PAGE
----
Over the last ten years Klaus has used trial and error mixed with a strong working knowledge of plants to create a vegetable growing reference book that will suit both the professional grower and novice. The book has all the information you need for a successful yield and deserves to be in a handy place so you can read it again and again.

If you would like a copy of the book for yourself, "Vegetables for the Irish Garden" is on sale at Greenhill Farm in Fawn, Malin, The Book Centre in Ballybofey and Glenveigh National Park. You can also buy your copy online from milkwoodfarm.com. And at only €14.95 it would also make a great seasonal present for the gardener in your life.

Cheers

Ian



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if you are interested in raised vegetable beds and veggie growing I have a new website - raisedbeds.net We're busy on social networking too and have over 12,000 members in the group.
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Sive
Rank attained: Chlorophyll for blood


Joined: 18 Apr 2008
Posts: 1731
Location: Co.Wexford

PostPosted: Sat Sep 18, 2010 1:42 pm    Post subject: Reply with quote

Thanks for that Inishindie....definitely a book I will buy. I attended a lecture given by Klaus a couple of years ago, and he really is inspirational. I hope the book does well for him.
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inishindie
Rank attained: Tree plantation keeper


Joined: 27 May 2007
Posts: 563
Location: inishowen Ireland

PostPosted: Tue Sep 21, 2010 2:47 pm    Post subject: Reply with quote

Hi Sive

I was also on a course in Inishowen last year with Klaus. Inspiring stuff. Here are a few tips we found about the benefits of growing your own....


* Organically grown vegetables are healthier for you. Klaus points out that we are not legally allowed to say this as scientific facts are still not conclusive and it upsets the industry. "It seems unfair that we need to have strict scientific evidence to prove the added nutritional value of home grown organic produce. This is an unfair system, as regular farmers do not have to account for their usage of chemicals."
* Being out in the veggie patch and getting exercise is health bringing in itself.
* Organic farming and vegetable growing is sustainable
* Higher nutrient content of the vegetables means a more healthy diet.
* Seeing your crops grow from seeds to full maturity gives you an amazing sense of satisfaction and achievement
* Growing your own encourages community as small networks of growers pass on their surplus stock to one another.
* It is good for the environment as adding nutrients into the soil locks in carbon...reducing your footprint.
* It's good for the soil. You feed and mulch the soil with organic nutrition as opposed to feeding the plants. Klaus explains "Conventional farming methods feed the ground with NPK fertiliser which is quickly taken up by the plants. The soil becomes more barren every growing season as nothing is put back. Organic methods store the nutrients in the ground until they are needed by the plant, which does away with any artificial feed. This cuts out pollution and chemical run off into the water course if too many chemicals are added." He says.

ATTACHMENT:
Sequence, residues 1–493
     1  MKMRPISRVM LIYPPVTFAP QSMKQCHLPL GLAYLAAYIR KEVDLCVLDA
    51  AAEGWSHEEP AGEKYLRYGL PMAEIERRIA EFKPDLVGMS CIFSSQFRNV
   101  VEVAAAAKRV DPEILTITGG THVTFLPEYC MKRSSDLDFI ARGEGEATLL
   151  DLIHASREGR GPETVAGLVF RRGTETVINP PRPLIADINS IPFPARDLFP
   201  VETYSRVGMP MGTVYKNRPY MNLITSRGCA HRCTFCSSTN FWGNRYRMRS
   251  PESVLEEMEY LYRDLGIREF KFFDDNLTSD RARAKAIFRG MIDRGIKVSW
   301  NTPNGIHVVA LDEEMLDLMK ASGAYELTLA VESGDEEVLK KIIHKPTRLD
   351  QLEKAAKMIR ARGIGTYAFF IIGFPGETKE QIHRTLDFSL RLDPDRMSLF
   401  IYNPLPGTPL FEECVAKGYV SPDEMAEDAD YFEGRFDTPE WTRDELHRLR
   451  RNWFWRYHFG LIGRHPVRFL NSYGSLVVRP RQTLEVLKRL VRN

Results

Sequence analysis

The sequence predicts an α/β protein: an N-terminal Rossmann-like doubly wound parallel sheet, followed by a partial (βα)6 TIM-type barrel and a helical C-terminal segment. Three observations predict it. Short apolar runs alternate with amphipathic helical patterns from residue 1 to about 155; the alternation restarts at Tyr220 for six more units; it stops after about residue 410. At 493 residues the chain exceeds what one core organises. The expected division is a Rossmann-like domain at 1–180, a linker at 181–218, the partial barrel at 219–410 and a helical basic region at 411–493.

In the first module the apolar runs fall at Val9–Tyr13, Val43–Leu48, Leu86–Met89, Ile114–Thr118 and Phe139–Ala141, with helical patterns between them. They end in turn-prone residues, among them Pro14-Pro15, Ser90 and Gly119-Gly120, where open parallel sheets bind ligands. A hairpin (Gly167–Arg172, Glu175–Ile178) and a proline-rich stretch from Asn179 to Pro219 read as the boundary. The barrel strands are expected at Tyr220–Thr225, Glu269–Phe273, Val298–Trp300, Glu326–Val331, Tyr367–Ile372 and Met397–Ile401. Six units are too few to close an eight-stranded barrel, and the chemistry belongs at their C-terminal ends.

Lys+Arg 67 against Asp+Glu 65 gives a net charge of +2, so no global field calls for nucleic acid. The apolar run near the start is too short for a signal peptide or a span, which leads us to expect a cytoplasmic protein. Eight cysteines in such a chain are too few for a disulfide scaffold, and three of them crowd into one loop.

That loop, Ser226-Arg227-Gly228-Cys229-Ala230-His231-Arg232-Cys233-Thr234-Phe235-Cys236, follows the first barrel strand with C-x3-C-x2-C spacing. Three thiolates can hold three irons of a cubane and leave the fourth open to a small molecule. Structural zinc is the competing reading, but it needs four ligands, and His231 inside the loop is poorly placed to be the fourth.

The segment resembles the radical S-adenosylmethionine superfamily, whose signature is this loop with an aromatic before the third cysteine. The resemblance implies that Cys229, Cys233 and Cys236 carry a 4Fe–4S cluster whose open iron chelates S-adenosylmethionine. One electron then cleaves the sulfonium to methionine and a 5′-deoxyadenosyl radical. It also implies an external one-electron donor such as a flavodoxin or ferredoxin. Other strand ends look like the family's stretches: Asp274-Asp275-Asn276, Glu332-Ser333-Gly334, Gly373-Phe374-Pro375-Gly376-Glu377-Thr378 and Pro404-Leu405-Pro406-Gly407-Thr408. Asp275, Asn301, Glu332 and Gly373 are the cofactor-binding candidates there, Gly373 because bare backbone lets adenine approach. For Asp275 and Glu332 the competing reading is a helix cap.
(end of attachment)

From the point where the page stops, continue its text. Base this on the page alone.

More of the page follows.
* Today's diet with low nutrient values means that you just can't eat enough. "If you have healthy nutritional food there will be no need for vitamin pills."
* You just can't beat the taste. For example, sweetcorn is delicious if you have the pan of boiling water ready when you pick a cob and put it straight into the water.

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if you are interested in raised vegetable beds and veggie growing I have a new website - raisedbeds.net We're busy on social networking too and have over 12,000 members in the group.
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michael brenock
Rank attained: Chlorophyll for blood


Joined: 12 Aug 2008
Posts: 1275
Location: cork

PostPosted: Tue Sep 21, 2010 8:49 pm    Post subject: Reply with quote

regular farmers and growers must account for their use of chemicals. Saying otherwise is a lie and does little to promote organic growing. The nutritional value of organic and inorganic is the same, the flavour and texture may be different. Plant roots take up nutrients from the soil in the same form whether in organic or inorganic soils. We don't have to use chemicals, I don't. Regular farmers do not use chemicals aimlessly. The supermarkets backed by the Department of Agriculture decide what is acceptable.
michael brenock horticultural advisor (retired)